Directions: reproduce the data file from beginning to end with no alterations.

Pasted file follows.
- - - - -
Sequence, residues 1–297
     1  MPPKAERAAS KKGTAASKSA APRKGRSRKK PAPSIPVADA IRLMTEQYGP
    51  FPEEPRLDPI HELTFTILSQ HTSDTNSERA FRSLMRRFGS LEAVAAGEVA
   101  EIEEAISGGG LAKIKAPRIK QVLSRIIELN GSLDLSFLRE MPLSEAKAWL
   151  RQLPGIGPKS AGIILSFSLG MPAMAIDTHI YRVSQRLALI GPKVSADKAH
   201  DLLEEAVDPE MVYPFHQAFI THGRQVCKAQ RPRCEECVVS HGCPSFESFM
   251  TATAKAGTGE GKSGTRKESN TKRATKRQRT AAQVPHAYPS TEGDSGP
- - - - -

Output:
Sequence, residues 1–297
     1  MPPKAERAAS KKGTAASKSA APRKGRSRKK PAPSIPVADA IRLMTEQYGP
    51  FPEEPRLDPI HELTFTILSQ HTSDTNSERA FRSLMRRFGS LEAVAAGEVA
   101  EIEEAISGGG LAKIKAPRIK QVLSRIIELN GSLDLSFLRE MPLSEAKAWL
   151  RQLPGIGPKS AGIILSFSLG MPAMAIDTHI YRVSQRLALI GPKVSADKAH
   201  DLLEEAVDPE MVYPFHQAFI THGRQVCKAQ RPRCEECVVS HGCPSFESFM
   251  TATAKAGTGE GKSGTRKESN TKRATKRQRT AAQVPHAYPS TEGDSGP